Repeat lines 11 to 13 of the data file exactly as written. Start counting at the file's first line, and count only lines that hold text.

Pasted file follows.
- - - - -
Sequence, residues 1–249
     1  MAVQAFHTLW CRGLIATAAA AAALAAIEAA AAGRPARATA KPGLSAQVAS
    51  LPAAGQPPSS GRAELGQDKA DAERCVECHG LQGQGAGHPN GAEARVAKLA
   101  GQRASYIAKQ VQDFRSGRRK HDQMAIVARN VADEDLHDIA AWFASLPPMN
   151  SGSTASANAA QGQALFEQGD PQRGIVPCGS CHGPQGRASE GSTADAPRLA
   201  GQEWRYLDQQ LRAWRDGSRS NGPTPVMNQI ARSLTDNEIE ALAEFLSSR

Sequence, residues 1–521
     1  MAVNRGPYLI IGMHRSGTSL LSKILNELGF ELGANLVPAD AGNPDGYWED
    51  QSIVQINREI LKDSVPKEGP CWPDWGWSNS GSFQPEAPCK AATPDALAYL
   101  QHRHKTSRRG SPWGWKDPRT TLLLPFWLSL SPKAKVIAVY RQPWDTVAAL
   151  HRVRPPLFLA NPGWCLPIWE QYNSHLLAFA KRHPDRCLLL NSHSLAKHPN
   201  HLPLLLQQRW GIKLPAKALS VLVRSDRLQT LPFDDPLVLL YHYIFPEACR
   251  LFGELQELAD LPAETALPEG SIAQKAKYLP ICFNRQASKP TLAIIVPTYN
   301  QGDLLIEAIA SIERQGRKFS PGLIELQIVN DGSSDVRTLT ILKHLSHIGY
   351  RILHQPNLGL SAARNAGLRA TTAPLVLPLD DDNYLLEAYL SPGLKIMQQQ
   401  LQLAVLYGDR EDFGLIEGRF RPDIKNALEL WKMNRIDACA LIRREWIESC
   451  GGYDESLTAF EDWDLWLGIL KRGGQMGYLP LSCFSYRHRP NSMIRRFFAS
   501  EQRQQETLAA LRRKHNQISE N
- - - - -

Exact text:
   151  HRVRPPLFLA NPGWCLPIWE QYNSHLLAFA KRHPDRCLLL NSHSLAKHPN
   201  HLPLLLQQRW GIKLPAKALS VLVRSDRLQT LPFDDPLVLL YHYIFPEACR
   251  LFGELQELAD LPAETALPEG SIAQKAKYLP ICFNRQASKP TLAIIVPTYN